BROWNE, Alexander, Ars Pictoria : or an Academy Treating of Drawing, Painting, Limning, Etching. To which are Added XXXI. Copper Plates, Expressing the Choicest, Nearest, and Most Exact Grounds and Rules of Symmetry. Collected out of the most Eminent Italian, German, and Netherland Authors. By Alexander Browne, Practitioner in the Art of Limning. The Second Edition, Corrected and Enlarged by the Author, London, Arthur Tooker - William Battersby, 1675.2 quotations
Now the Effects proceeding from Proportion are unspeakable, the Principal whereof, is that Majestie and Beautie which is found in Bodies, called by Vitruvius, EURITHMIA. And hence it is, that when behold a well-proportioned thing, we call it Beautiful, as if we should say, Indued with that exact and comely Grace, whereby all the Perfection of sweet Delights belonging to the Sight, are communicated to the Eye, and so conveyed to the Understanding.
But if we shall enter into a farther Consideration of this Beauty, it will appear most evidently in things appertaining to Civil Discipline ; for it is strange to consider what effects of Piety, Reverence and Religion, are stirred up in mens Minds, by means of this suitable comeliness of apt proportion. A pregnant example whereof we have in the Jupiter carved by Phidias at Elis, which wrought an extraordinary sense of Religion in the People, whereupon the antient and renowned Zeuxis well knowing the excellency and dignity thereof, perswaded Greece in her most flourishing Estate, that the Pictures wherein this Majesty appeared were dedicated to great Princes, and consecrated to the Temples of the Immortal gods, so that they held them in exceeding great estimation ; partly because they were the Works of those famous Masters, who were reputed as gods amongt men ; and partly because they not only represented the Works of God, but also supplyed the defects of Nature : ever making choice of the Flower and Quintessence of Eye-pleasing delights.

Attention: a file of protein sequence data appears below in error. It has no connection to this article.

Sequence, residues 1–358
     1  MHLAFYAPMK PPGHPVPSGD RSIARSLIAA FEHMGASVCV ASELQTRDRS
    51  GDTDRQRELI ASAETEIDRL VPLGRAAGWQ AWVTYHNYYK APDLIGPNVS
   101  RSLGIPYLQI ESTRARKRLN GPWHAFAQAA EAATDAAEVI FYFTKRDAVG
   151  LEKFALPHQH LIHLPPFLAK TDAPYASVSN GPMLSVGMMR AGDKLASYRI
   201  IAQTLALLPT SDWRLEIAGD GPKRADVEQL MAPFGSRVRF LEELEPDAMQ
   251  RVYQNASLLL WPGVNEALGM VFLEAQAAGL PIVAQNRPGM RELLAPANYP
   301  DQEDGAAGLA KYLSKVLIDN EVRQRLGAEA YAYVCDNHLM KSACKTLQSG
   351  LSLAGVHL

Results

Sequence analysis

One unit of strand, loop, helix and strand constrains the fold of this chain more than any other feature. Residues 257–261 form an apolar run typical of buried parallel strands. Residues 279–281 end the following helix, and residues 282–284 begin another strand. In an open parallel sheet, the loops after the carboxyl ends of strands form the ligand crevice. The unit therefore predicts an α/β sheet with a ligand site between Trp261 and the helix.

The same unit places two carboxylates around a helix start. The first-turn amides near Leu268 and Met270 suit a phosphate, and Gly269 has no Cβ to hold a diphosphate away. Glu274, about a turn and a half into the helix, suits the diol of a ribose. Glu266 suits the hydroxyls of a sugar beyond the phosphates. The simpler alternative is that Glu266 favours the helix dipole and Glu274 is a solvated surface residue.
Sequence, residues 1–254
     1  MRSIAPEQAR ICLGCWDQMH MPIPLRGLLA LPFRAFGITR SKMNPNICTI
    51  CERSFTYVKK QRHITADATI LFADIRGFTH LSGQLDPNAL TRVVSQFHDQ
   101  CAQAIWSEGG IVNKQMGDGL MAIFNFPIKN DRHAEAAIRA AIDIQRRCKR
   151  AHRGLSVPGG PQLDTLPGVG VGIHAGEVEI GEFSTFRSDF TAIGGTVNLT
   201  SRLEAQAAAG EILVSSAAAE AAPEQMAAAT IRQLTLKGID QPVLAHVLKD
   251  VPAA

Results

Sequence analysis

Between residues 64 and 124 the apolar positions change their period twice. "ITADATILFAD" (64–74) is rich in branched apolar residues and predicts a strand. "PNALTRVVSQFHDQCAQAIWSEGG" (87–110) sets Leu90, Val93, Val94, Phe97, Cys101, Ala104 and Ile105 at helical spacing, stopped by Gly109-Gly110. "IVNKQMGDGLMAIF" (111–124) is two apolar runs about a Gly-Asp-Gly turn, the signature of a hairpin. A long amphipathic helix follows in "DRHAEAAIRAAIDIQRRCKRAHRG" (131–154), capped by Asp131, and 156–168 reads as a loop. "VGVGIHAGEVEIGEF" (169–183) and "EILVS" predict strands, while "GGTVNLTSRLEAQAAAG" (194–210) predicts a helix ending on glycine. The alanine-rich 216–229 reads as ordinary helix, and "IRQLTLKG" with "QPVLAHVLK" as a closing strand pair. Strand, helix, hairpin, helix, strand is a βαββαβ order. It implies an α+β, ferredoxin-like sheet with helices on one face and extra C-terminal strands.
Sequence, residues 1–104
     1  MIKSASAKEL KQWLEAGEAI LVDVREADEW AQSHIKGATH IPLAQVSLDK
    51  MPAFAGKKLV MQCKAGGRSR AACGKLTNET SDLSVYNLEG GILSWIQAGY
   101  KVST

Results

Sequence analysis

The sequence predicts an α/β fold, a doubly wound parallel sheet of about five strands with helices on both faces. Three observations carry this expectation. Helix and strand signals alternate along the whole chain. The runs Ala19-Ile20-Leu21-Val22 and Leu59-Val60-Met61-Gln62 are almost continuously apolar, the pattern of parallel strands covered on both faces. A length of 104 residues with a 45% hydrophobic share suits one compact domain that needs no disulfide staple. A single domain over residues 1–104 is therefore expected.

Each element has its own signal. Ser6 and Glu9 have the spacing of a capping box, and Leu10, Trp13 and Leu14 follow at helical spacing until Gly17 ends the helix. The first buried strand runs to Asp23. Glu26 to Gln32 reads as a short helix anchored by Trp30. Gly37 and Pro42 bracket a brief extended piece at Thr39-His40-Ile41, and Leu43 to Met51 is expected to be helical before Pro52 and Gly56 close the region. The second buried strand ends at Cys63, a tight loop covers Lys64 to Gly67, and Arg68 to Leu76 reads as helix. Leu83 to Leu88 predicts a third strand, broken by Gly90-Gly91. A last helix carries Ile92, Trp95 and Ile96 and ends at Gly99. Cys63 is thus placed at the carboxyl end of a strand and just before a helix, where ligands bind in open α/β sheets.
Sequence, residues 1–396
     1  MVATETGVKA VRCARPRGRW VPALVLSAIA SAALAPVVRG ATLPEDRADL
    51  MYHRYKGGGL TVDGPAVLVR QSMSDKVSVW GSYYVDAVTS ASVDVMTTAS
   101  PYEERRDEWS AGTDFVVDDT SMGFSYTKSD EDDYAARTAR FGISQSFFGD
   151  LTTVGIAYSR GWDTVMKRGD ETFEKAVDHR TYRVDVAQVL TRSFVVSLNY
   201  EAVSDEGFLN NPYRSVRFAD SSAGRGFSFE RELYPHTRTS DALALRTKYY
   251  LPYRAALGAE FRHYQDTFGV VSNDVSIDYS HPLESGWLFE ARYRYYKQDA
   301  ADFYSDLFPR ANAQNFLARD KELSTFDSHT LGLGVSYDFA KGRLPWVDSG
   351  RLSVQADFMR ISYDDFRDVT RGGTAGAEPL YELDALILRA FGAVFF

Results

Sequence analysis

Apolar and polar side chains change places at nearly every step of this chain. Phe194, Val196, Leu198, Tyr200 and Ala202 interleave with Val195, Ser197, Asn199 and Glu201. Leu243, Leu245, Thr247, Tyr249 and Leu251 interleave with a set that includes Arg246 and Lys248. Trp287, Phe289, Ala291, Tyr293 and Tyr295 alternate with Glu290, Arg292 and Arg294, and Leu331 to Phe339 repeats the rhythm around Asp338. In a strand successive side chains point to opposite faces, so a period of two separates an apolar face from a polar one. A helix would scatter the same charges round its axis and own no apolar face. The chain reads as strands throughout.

Notwithstanding, I am of Opinion, that it is possible to attain unto this so excellent a faculty [ndr : dans le choix des meilleures actions], (though perhaps not with that special eminency of natural facility,) as by industrious study in the knowledge of these motions ; and the causes whence they proceed. For from hence a Man may easily attain to a certain understanding, which afterwards putting in practice with patience, together with the other points, he may undoubtedly prove a judicious inventor, who never had any extraordinary natural inclination, my meaning is, that such an inventor, as guideth himself by understanding, shall attain to better perfection then the other, who is naturally indued with the dexterity, without industry and patience : for example, if a Man shall diligently peruse the whole History of Christ, out of doubt he shall gather the true Idea and Method, how he ought to represent the motions of Christ, the Apostles, the Jews, and all the rest, who had any part in that cruel Tragedy, so sufficiently, that the Mind of the beholder, shall be no less moved to pitty, tears and sorrow, at the sight of the picture, then Men are usually at the reading of the History, […].